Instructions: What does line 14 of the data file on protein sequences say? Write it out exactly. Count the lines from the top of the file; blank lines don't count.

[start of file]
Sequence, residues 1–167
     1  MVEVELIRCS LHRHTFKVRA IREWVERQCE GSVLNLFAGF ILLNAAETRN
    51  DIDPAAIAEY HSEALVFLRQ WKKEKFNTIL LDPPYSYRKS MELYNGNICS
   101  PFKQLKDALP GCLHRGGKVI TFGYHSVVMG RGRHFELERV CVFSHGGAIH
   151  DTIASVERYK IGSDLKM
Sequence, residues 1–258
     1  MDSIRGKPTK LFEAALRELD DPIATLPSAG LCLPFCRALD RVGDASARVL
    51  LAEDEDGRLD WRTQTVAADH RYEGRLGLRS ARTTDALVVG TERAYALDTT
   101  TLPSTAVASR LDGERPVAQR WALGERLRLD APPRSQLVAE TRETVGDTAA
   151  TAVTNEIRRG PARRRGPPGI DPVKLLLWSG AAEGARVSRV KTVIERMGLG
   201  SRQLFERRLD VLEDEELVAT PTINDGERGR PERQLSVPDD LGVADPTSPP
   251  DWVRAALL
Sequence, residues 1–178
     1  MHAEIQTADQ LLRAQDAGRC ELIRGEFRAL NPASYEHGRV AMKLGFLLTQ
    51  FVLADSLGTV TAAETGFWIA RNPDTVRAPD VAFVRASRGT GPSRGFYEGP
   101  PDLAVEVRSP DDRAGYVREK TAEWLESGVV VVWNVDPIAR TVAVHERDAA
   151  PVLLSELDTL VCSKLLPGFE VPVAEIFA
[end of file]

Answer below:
     1  MHAEIQTADQ LLRAQDAGRC ELIRGEFRAL NPASYEHGRV AMKLGFLLTQ